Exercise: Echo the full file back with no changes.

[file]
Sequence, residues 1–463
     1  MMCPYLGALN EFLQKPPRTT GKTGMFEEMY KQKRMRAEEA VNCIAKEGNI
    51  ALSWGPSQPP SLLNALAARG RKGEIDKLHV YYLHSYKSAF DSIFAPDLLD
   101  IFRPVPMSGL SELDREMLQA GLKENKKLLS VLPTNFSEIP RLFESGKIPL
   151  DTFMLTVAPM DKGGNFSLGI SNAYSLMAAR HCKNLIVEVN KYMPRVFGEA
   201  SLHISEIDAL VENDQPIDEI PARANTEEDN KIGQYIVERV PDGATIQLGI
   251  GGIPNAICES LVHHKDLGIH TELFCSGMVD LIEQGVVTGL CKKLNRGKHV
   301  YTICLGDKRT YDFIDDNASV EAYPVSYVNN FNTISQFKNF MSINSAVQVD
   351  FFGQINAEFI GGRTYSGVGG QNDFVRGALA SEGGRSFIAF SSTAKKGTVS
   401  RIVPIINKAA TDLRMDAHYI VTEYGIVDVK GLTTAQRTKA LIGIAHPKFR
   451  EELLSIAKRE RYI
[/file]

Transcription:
Sequence, residues 1–463
     1  MMCPYLGALN EFLQKPPRTT GKTGMFEEMY KQKRMRAEEA VNCIAKEGNI
    51  ALSWGPSQPP SLLNALAARG RKGEIDKLHV YYLHSYKSAF DSIFAPDLLD
   101  IFRPVPMSGL SELDREMLQA GLKENKKLLS VLPTNFSEIP RLFESGKIPL
   151  DTFMLTVAPM DKGGNFSLGI SNAYSLMAAR HCKNLIVEVN KYMPRVFGEA
   201  SLHISEIDAL VENDQPIDEI PARANTEEDN KIGQYIVERV PDGATIQLGI
   251  GGIPNAICES LVHHKDLGIH TELFCSGMVD LIEQGVVTGL CKKLNRGKHV
   301  YTICLGDKRT YDFIDDNASV EAYPVSYVNN FNTISQFKNF MSINSAVQVD
   351  FFGQINAEFI GGRTYSGVGG QNDFVRGALA SEGGRSFIAF SSTAKKGTVS
   401  RIVPIINKAA TDLRMDAHYI VTEYGIVDVK GLTTAQRTKA LIGIAHPKFR
   451  EELLSIAKRE RYI